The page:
I was really pleased to have the opportunity to be a Guest Blogger for The Adventure Travel Shop, it was one of my very first gigs, and I wrote about family holidays in the Bahamas at the Atlantis Resort.
We were attracted to Atlantis Resort in The Bahamas for our last family break because it seemed to offer an easy introduction to the Caribbean for our younger daughter. I was born in Puerto Rico, and much as I love returning to San Juan and travelling around St Kitts or Anguilla, the sea planes and boat trips are not always ideal for a two year old, or even for our older, and easily travel sick, six year old daughter.
We anticipated having to look outside the resort frequently for real discoveries, but Atlantis goes way over the top in its assault on the senses. The vast water park has some genuine thrills for older children including the 60 vertical drop of the Leap of Faith or, even more of an adrenalin high, a pitch dark plummet through The Abyss into a fish-filled subterranean cave.
A huge advantage of Atlantis Nassau is their realisation that toddlers are harder to cater for than pretty much any demographic. Consequently they've got a brilliantly well-stocked store on site, with generous amounts of paediatric medication and swim nappies, a doctor and nurse's station, as well as tot-friendly lazy river rides, and shallow, warm swimming pools. The brilliant adventure play area for smaller children comes with slides, spouts and an enormous bucket that periodically dumps water on hapless passing parents, to squeals of delight.
For older children, in addition to the dolphin swim (we were nagged into submission) there are sea lion encounters, snorkelling with sharks, stingray feeding and a rock-climbing wall. The staff are all notably well-trained and as attentive, as perhaps only those with a US-influenced awareness of litigation can be.
The real adventure, however, lies in the marine habitats and the ocean. Atlantis rescued 16 dolphins from a Mississippi Oceanarium in the wake of Hurricane Katrina, which now appear to be living out a happy and safe retirement. There is a large, sheltered lake on within the resort for water sports but the snorkelling just off the beach is also excellent.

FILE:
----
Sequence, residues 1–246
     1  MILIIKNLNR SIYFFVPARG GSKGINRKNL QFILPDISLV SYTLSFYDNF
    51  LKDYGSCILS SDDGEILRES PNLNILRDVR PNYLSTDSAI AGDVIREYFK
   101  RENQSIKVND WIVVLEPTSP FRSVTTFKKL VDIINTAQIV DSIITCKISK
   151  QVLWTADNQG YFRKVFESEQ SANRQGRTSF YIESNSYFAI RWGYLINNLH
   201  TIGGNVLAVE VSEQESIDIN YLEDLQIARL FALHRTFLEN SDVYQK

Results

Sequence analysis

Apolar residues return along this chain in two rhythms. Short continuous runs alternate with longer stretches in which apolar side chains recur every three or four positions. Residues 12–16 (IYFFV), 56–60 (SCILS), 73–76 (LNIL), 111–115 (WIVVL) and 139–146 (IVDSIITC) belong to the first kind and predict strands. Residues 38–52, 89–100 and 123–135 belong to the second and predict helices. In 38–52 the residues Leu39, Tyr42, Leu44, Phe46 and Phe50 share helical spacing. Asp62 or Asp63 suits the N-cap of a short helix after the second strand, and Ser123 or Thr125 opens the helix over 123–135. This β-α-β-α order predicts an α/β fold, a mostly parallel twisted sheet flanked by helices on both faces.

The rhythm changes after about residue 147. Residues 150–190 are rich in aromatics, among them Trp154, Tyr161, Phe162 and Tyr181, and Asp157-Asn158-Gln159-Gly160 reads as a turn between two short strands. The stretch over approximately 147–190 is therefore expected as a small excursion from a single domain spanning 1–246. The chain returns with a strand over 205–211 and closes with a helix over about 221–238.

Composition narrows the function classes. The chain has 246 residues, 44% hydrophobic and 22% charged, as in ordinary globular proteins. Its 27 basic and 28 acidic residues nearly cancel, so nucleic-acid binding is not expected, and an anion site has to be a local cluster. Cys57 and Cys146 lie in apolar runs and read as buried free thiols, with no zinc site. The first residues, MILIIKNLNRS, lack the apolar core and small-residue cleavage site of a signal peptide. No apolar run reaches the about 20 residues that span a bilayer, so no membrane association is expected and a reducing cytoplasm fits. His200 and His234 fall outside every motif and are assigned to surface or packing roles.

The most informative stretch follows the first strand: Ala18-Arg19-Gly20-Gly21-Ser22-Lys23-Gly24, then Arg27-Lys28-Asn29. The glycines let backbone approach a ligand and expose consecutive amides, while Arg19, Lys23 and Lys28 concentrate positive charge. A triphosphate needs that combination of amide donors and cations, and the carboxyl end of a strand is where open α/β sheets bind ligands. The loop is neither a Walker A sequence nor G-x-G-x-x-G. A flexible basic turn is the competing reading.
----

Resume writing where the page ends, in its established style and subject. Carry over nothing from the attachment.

The Bahamas is famous for its sharks but so far, their breeding grounds in the mangroves and inlets have been disturbed far less than say, Brazil's infamous attack hotspot Recife, and the nation has no recorded fatal attacks. There are plenty of large captive sharks to admire in the extraordinary aquariums, as well as stunning manta and some particularly ill-favoured moray eels. I was intrigued by a story in the local paper about a Florida manatee, found lost and confused many miles from home in Nassau harbour with its calf. Both were carefully re-homed at a secret Atlantis marine facility on Paradise Island,which is not open to public view.
We didn't want to waste the chance to explore beyond Paradise Island too. Nassau's cruise ship port is unappealing but the fish market under the bridge is full of character and reassuringly good value after Paradise Island's inevitable assault on your purse. There are some atmospheric historic sites, notably Parliament Square, Christ Church Cathedral and the Graycliff Hotel. Only gaining its independence from Britain in 1973, The Bahamas retains many British touches like red post boxes and driving on the left. There is currently an enormous amount of foreign investment and development pouring into the area between Nassau and the international airport. It can only be hoped that the new resorts make the same attempt at giving something back to the marine environment and local economy, as Atlantis appears to do.